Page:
Birth CertificatesThe First Record Of Your Life

by : John Gibb

In the majority of countries around the world, the birth of a child is recorded with a birth certificate. They are issued very soon after the child’s birth and usually are required by law. These certificates are generally held as proof of identity and are sometimes required when applying for things like driving licences, passports and official work related qualifications.

A birth certificate records the time and date of the birth, the name of the child, the gender of the child, the place of birth, the legal parents’ names, and some kind of registration number. They are generally stored at a regional office that caters to the task, but some people keep their certificate or a copy of it among their possessions. In many countries it is possible to obtain a copy of another person’s certificate.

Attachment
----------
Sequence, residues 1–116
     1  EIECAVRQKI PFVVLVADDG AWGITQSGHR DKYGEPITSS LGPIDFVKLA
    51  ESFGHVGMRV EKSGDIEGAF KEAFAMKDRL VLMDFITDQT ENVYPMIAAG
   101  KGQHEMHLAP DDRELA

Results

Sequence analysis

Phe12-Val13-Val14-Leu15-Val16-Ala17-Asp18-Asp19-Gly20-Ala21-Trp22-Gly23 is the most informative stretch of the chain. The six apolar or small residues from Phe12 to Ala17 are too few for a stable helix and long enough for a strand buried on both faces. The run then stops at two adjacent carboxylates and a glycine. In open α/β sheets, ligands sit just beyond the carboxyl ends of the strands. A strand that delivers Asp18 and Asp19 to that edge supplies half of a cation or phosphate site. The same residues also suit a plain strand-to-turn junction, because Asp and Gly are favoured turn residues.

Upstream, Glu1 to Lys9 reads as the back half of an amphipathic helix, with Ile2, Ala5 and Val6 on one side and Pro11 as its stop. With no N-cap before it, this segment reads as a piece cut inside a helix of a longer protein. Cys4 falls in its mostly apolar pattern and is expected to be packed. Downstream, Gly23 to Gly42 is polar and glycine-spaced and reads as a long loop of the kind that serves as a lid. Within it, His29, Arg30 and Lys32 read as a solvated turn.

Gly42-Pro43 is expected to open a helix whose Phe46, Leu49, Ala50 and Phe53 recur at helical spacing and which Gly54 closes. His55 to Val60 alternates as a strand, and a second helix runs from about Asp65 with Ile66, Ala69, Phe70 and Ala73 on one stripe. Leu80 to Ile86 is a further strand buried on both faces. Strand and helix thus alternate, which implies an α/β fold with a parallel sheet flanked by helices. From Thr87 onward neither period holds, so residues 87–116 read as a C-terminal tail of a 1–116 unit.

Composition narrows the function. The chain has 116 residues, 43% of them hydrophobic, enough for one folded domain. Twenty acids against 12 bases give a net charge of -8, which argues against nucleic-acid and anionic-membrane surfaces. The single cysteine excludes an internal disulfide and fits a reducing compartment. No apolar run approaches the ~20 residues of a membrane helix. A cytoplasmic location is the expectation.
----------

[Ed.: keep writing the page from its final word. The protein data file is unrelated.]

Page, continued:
The certificate itself is usually a small and unassuming form with the details of the child and signatures of presiding witnesses such as a midwife or doctor, and the hospital’s details if the birth took place in a hospital. They tend to have some anti copy efforts such as delicate patterning or inking, but forgery is not a big problem. It is possible to get either a short or full certificate; the latter having more details. In the UK, a short certificate shows the baby's names and surname, sex, date of birth and the name of the registration district and sub-district where the birth took place. A full certificate is the same but with exact place of birth, father's name (if given at time of registration), place of birth and occupation, mother's name, place of birth, maiden surname and, after 1984, occupation (UK General Register Office).

Changing the details on a birth certificate can be very difficult. Often you will only be allowed to make additions rather than changes. A new forename for the child can only be registered if the name was in common use within12 months of the birth, and a surname cannot be altered except for correcting errors.